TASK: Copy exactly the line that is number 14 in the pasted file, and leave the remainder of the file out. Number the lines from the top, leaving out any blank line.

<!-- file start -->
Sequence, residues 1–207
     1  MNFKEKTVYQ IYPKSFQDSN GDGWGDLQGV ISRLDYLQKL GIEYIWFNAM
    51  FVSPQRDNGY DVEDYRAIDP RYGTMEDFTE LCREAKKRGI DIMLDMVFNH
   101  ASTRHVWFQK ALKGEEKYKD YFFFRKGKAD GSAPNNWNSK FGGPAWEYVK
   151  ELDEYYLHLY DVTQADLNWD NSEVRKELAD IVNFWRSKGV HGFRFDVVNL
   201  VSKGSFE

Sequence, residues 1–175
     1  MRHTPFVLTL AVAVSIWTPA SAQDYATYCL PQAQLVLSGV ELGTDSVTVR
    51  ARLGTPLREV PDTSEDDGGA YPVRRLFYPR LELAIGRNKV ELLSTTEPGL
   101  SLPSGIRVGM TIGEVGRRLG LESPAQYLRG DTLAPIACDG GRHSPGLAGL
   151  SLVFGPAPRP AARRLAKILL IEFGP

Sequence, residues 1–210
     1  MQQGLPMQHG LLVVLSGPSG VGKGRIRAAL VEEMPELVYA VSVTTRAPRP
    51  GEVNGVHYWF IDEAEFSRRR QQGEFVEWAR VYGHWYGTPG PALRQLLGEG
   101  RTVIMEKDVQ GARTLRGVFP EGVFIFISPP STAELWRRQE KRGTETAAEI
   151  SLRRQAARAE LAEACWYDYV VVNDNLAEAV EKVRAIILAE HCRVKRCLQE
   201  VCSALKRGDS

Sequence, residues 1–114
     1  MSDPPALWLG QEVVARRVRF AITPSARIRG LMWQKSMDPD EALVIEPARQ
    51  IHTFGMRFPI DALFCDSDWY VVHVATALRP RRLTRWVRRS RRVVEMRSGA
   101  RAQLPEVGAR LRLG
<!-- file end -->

    51  GEVNGVHYWF IDEAEFSRRR QQGEFVEWAR VYGHWYGTPG PALRQLLGEG